Auditory Processing Disorders

Sometimes children and adults exhibit classic signs of hearing loss: they do not hear well, are constantly asking for clarification and may only understand a portion of what is being said in conversation. They experience learning difficulties or difficulties with work, particularly in environments with lots of background noise. When multiple people are talking, they lose focus and can’t follow the conversation.

Most patients or parents may suspect a hearing loss, but in many cases, the cause is a disorder known as an Auditory Processing Disorder (APD).

What Is APD?

Different terms are often used to describe the general observation that some individuals, despite having normal hearing sensitivity, experience significant difficulties with understanding auditory information. The most common terms include (central) auditory processing disorder (CAPD), or simply, auditory processing disorder (APD). Individuals suspected of having APD often behave as if they have hearing loss.

They may be poor listeners and have difficulty paying attention and following directions in background noise. They may respond inconsistently to speech and/or misunderstand what has been said. Children with APD may have poor auditory verbal memory, may ask for multiple repetitions and often cannot successfully follow multi-step directions. In some cases, reading and speech-language disorders may also be present (e.g., dyslexia, specific language impairment). In other cases, diagnosed difficulties in the areas of attention and memory are also present (e.g., ADHD, cognitive impairment). Several auditory and non-auditory specific factors can co-exist in each individual person but present themselves as “auditory processing” difficulties.

For these important reasons, the diagnosis, treatment and management of APD in children and adults are all challenging. At present, clinicians and researchers working in this area have different views about how to best define, diagnose and treat the problem.

Who Often Experiences APD?

An estimated 5% of school-age children suffer from APD, a condition that affects their ability to process information correctly due to a disconnect between what they are hearing and how their brain responds.

Most children with APD don’t have hearing loss. Studies have shown that the majority can hear normally in quiet environments; the problem is in the way these children process auditory information. Symptoms may range from mild to severe and include difficulty with any of the following:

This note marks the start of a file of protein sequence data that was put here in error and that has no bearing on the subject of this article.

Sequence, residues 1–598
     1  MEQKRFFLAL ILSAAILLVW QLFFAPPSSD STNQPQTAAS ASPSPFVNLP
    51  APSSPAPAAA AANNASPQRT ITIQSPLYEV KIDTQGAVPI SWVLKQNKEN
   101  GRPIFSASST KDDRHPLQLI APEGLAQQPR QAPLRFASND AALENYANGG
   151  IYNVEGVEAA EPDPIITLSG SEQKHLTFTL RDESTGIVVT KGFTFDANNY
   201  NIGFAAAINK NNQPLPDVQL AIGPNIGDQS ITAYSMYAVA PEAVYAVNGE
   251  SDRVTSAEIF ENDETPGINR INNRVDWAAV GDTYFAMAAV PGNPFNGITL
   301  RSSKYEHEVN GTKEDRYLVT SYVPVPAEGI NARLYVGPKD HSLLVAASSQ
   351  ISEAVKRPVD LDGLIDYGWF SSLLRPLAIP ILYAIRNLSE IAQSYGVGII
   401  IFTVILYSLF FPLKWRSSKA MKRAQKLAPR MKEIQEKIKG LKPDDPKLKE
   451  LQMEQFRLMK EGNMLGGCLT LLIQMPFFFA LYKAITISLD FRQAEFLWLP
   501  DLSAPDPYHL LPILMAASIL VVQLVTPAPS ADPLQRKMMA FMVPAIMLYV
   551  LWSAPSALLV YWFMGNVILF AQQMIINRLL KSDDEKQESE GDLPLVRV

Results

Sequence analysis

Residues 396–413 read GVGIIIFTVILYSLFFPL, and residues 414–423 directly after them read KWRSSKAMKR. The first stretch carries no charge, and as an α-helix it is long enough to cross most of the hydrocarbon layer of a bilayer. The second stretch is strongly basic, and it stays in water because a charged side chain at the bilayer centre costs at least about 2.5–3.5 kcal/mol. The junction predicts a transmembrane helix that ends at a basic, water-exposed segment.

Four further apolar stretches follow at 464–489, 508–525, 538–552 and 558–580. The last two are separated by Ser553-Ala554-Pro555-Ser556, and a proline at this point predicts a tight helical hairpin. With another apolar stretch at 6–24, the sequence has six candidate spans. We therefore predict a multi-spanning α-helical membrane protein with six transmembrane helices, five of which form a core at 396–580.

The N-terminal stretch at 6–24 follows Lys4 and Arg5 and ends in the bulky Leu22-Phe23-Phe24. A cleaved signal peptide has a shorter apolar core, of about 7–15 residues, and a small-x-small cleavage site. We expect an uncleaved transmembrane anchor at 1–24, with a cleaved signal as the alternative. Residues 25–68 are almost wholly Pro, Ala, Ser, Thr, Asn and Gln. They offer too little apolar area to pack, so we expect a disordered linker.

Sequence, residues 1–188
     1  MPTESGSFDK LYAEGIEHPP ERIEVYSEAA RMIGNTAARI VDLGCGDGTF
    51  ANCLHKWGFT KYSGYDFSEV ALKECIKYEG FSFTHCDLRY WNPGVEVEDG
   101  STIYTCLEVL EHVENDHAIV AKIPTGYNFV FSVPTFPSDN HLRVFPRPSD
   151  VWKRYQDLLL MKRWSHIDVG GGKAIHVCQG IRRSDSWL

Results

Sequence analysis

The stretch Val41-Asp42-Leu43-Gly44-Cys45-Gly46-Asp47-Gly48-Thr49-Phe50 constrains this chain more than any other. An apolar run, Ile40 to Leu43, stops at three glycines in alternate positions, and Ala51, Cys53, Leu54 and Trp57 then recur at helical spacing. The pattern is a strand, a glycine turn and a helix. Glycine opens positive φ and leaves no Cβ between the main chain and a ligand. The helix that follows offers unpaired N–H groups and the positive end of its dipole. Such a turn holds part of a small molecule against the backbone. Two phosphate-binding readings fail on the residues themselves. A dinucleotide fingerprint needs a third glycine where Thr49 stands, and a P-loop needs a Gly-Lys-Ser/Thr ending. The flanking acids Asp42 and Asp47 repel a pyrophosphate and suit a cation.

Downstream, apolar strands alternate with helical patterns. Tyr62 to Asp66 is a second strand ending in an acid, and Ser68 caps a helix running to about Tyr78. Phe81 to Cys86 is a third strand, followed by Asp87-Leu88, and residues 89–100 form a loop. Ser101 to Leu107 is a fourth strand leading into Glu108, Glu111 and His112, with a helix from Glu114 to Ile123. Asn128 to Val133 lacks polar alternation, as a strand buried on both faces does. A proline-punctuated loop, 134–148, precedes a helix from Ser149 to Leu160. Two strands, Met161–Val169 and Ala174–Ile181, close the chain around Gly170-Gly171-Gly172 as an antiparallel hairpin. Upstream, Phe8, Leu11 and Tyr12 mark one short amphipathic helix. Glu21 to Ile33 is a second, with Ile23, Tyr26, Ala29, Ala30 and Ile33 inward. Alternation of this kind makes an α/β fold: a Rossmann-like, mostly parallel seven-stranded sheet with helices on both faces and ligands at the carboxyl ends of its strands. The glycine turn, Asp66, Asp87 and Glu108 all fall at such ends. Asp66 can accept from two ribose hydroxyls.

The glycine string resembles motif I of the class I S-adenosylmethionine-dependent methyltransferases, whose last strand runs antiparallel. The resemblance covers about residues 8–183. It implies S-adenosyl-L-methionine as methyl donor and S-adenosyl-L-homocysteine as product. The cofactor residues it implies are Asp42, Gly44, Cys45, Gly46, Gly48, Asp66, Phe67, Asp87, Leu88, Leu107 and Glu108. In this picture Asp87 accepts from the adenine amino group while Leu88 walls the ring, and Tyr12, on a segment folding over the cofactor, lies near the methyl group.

• Hearing in noisy environments
  • Following conversations
  • Remembering spoken information
  • Maintaining focus and attention
  • Following directions
  • Reading and spelling
  • Processing nonverbal information

How Is APD Diagnosed? 

Children with APD may become withdrawn, isolated and depressed. They often become disruptive and may take unnecessary risks or lash out at others. Because many of the behavioral issues closely mimic those associated with Attention Deficit Hyperactivity Disorder (ADHD) and other learning disabilities, an incorrect diagnosis is often made.

Adults with APD may have difficulty following multi-step directions, or understanding in background noise and typically resemble adults with hearing loss. 

Most specialists diagnose APD through a series of tests and evaluations, which often may include a routine hearing test. A hearing test will rule out any physical hearing problems by testing their ability to hear a range of frequencies. If no hearing loss is present, behavioral and electrophysiological testing is administered.

Treating APD at Callier

At the Callier Center, our APD evaluation is aimed at documenting whether there is a deficiency in the perceptual processing of auditory information as demonstrated by poor performance in one or more of the following areas (American Speech-Language-Hearing Association, 2005): degraded acoustic signals, competing acoustic signals, temporal aspects of audition, and auditory discrimination. While there is no gold standard in APD diagnosis, we use several standardized behavioral test measures for this purpose.

Specifically, we identify whether a patient’s performance is considered typical or atypical (disordered) as compared to others without signs and symptoms of APD. If test outcomes are extremely low, the diagnosis of APD can be made based on observations and specific tests recommended (by professional bodies in the profession) to measure auditory perceptual abilities.

Consistent with the ASHA and American Academy of Audiology recommendations for APD assessment, the Callier APD team involves a multidisciplinary team, including audiologists and speech-language pathologists. While a comprehensive psychological or neuro-psychological evaluation is NOT required for APD assessment at Callier, we strongly recommend that patients and parents consider having this testing completed prior to or in conjunction with services completed at our Center.

Other Important Information Prior to Appointments:

Our recommendations prior to each appointment are as follows:

– You or your child should be generally healthy and well-rested.

– You or your child should eat breakfast the morning of scheduled visits.

– You or your child should take ALL prescribed medications as recommended.

– Please arrive to your appointment on time.

We look forward to serving you! If you have general questions about the APD evaluation process, please contact Sharon Mathews at (972) 883-3034. If she is unavailable, please leave a detailed message and an APD team member will return your call.